ESR-REIT raises offer for ALOG by 5.3%, and DPU and NAV accretion to 12.8% and 5.3% as EGM is postponed to mid-March
On Jan 14 and 15, proxy adviser Glass, Lewis & Co and Institutional Shareholder Services (ISS) had advised unitholders of ARA LOGOS Logistics Trust (ALOG) to vote against a merger with ESR-REIT because of pricing.
Glass Lewis had said, “while Glass Lewis does not question merits [of the merger], we believe the terms of the scheme are unfair to ALOG unitholders because it implies a discounted market valuation for ALOG units.” Glass Lewis reasons that ALOG’s volume weighted average price (VWAP) was much higher for ALOG than what was used in the ratio. The Scheme terms were not compelling for ALOG unitholders and most of the benefits of the merger would accrue to ESR-REIT, Glass Lewis had indicated.
On Jan 22, the managers of ALOG and ESR-REIT announced that the latter had raised the offer price for ALOG, and have postponed the scheme meetings till mid-March.
The cash consideration has been revised upwards by 2.1% to $0.097, from $0.095 earlier. In addition, the allotment and issuance of new ESR-REIT units for each ALOG unit will be revised from 1.6765 new ESR-REIT unit to 1.7729 new ESR-REIT unit. The consideration units will be issued at $0.4924 per new consideration unit, valuing the portion in units at $0.836 versus $0.791 previously. Hence the price being paid for each ALOG unit works out at $0.933 compared to $0.886 in the earlier offer.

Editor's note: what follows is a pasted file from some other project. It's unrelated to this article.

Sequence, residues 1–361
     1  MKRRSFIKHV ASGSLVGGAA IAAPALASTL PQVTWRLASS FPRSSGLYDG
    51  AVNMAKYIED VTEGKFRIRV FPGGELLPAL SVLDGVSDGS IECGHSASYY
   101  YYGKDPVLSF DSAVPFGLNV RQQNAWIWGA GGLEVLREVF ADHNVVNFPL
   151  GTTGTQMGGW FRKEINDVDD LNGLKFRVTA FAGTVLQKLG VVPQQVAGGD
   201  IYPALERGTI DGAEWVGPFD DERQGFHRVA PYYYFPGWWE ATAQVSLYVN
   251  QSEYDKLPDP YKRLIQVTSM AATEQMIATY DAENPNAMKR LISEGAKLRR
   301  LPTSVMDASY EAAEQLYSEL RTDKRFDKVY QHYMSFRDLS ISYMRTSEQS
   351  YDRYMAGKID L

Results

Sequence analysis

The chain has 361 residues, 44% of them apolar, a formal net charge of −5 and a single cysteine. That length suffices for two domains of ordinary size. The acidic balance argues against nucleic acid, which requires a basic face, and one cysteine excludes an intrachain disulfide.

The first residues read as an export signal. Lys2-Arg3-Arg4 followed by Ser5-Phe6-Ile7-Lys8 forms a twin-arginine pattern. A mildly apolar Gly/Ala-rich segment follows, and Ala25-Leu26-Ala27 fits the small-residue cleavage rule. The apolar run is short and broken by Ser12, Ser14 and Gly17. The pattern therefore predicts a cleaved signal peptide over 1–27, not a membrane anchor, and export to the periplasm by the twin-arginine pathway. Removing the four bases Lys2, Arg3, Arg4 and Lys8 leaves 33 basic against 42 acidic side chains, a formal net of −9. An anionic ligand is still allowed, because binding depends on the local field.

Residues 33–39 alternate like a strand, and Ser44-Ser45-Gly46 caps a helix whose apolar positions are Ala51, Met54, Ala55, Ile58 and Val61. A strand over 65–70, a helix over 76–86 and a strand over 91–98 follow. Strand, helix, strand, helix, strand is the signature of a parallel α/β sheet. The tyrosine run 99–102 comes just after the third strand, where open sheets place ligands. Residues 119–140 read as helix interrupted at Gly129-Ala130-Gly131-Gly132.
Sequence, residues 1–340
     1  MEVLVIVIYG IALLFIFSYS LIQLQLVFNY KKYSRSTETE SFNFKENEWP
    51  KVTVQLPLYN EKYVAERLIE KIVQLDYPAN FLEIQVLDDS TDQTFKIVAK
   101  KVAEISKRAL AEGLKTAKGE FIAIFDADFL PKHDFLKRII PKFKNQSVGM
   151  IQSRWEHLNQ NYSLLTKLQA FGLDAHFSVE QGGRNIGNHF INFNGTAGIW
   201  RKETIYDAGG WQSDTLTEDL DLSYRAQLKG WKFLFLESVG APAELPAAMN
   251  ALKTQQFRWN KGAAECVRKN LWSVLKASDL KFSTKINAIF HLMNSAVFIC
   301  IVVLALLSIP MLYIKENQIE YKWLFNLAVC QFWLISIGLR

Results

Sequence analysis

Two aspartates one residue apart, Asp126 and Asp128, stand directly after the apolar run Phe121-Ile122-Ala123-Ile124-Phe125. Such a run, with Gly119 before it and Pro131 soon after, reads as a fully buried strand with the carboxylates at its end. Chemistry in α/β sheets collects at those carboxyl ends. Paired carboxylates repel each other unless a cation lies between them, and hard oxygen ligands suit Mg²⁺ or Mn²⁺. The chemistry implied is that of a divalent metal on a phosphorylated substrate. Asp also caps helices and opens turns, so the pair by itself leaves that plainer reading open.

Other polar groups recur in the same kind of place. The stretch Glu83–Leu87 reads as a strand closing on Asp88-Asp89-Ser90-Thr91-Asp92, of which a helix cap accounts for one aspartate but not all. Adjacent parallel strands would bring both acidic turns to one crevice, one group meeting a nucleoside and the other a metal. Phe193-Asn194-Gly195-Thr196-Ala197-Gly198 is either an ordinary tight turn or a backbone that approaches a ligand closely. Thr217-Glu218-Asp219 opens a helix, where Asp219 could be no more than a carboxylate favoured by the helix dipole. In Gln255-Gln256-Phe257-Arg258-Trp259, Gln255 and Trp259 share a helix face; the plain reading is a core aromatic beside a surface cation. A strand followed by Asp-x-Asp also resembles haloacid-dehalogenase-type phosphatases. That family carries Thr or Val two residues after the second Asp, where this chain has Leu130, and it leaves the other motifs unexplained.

In total ESR-REIT is paying 1.4 times price to net asset value (P/NAV), which is the highest valuation for ALOG, and the level it was trading at when the initial offer was made. So far, as at Jan 21, only three other S-REITs trade at higher valuations - Mapletree Industrial Trust, Keppel DC REIT and (of course) ParkwayLife REIT.
The accretion to distribution per unit (DPU) works out at 12.8%, and accretion to NAV of 5.3% compared to 8.2% and 2.2% respectively in the earlier offer.
“The proxy advisers recommended unitholders to vote against the merger. We have considered this as one of the points and ESR-REIT decided to improve their offer to ALOG,” says Karen Lee, CEO of ALOG’s manager. The merits of this merger are the same and still compelling, as both proxy advisers have pointed out, Lee adds. It was the pricing they had an issue with. “I’m happy the proxy advisers picked up on the merits of the merger,” she says.
“The proxy advisers mentioned certain rationale [for a better offer] and we respect that. We can either walk away or offer something more,” acknowledges Adrian Chui, CEO of ESR-REIT’s manager.
“The benefits are more to ESR-REIT the proxy advisers say, so why don’t we shift the balance a little bit? To come together to get these benefits as a larger entity, both sets of unitholders must approve,” Chui figures.
As a result of the revised offer, ESR-REIT’s DPU accretion falls from 5.8% to 4.7%, and there is an 8.5% dilution to NAV. However, the aggregate leverage would remain unchanged for both offers, at 42.1%.
As an illustration, Chui says, “In previous terms I earn $10, and the other guy earns $15. Now I earn $8 and the other guy earns $17, we have still created value of $25.”
No other offeror has come forward